Kennett Square's Memorial Day Parade Honors Veterans and Celebrates the USA

By Carla Lucas

Correspondent

US flags proudly waved along the Kennett Square Parade route as military marchers, reenactors, floats, and vehicles passed through town. Mingled between the military-themed units were bag pipers, dancers, bands, antique automobiles, tractors, athletes, scouts, and bicyclists. The Kennett Memorial Day Parade honored our veterans and at the same time celebrated what it means to be an American.

Kennett Square has held a parade on Memorial Day since WWII. Bill Taylor, who has organized the Kennett Square Memorial Day Parade since Kennett Square's Sesquicentennial in 2005, says the parade honors the memory of all veterans past and present. This year's parade featured about 1,000 people in over 100 marching units. With estimates of 15,000 spectators it is one of the largest Memorial Day Parades in the region. Highlights are below.


The Grand Marshalls (photos 11 and 14)

11:

Bernice Smith and Rose Lowery

Bernice Smith and Rose Lowery were the first two female veterans honored as Grand Marshalls in the Kennett parade. 

Bernice (90) served in the US Navy from 1943 to 1946. She was among the first 300 Waves that came into Washington DC during WWII to train midshipmen. After the War, she remained in Washington working for the White House and the State Department. She retired in the Kennett Square area.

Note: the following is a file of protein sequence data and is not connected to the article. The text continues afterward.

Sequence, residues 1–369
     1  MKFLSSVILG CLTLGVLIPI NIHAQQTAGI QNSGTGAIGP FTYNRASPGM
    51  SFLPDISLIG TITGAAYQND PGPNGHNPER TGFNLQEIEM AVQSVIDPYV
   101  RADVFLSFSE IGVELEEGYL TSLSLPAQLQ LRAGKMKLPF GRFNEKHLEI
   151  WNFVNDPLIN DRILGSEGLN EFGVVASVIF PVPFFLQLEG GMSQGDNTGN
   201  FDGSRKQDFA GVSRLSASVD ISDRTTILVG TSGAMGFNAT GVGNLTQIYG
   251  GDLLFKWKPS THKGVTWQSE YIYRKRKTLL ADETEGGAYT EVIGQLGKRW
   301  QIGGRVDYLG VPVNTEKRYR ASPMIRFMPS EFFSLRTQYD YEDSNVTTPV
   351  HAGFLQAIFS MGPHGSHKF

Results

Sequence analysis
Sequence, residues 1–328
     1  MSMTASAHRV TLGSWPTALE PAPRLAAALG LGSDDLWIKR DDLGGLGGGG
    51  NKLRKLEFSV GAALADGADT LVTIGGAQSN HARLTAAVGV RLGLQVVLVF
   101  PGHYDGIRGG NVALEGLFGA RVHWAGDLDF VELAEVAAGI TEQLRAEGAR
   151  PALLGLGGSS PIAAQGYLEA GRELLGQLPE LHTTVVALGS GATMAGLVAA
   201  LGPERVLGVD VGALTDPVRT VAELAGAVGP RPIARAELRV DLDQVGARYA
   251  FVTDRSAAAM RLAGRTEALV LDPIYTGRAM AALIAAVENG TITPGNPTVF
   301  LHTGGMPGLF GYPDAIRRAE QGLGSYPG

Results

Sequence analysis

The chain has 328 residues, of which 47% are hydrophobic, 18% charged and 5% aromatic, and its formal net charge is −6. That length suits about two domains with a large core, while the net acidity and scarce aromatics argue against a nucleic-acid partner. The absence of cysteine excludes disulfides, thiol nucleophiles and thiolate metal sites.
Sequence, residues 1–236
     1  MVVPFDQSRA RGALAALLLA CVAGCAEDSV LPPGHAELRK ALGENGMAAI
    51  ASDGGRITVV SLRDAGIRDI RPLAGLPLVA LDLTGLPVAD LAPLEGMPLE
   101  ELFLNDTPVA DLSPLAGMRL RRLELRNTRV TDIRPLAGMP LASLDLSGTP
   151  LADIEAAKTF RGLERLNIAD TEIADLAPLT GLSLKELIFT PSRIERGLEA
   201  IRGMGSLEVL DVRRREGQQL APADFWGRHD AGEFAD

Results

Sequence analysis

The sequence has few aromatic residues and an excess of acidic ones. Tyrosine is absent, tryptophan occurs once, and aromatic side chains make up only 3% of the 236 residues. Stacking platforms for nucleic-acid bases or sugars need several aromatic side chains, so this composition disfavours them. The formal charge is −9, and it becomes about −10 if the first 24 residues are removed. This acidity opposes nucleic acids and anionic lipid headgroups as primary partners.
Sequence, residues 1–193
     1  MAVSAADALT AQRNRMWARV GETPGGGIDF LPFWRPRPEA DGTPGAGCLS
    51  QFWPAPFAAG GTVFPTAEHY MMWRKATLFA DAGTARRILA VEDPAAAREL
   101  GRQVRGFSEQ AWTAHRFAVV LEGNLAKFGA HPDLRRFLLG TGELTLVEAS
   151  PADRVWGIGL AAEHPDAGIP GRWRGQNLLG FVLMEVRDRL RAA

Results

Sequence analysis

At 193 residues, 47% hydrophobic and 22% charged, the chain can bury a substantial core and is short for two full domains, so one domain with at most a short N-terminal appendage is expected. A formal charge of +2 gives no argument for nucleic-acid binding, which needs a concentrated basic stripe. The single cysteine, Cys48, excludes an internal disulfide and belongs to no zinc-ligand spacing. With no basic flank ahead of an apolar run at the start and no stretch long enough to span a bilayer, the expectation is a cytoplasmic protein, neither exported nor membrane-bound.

Rose (90) served in the Marine Corps, stationed at Fort Pendleton in Oceanside California from 1943 to 1945. Rose chose the Marine Corps because it a challenge to get in. She worked in the Post Exchange during her years in the Corps.


14:

Grand Marshalls Kennett Square

This year's other Grand Marshalls were Kennett Square's Tavoni Brothers: Anthony (left) and Dominick (right) and Samuel in memorium. 

Anthony, KHS Class of 1938, served with the 32nd Infantry Division in 1942-43 in the Pacific. He was transferred to Borland, Australia, where he worked to find housing for the troops. One highlight of his experience was having General Douglas Mac Arthur pass within feet of him while on duty in Borland.

Dominick, KHS Class of 1944, served in the Merchant Marines from 1944-46. He was on a high octane tanker delivering fuel from India to Italy, Scotland, Gibraltar, among other places.

Samuel flew in B-26 bombers with the Air Force. He was shot down and wounded during his tour of duty.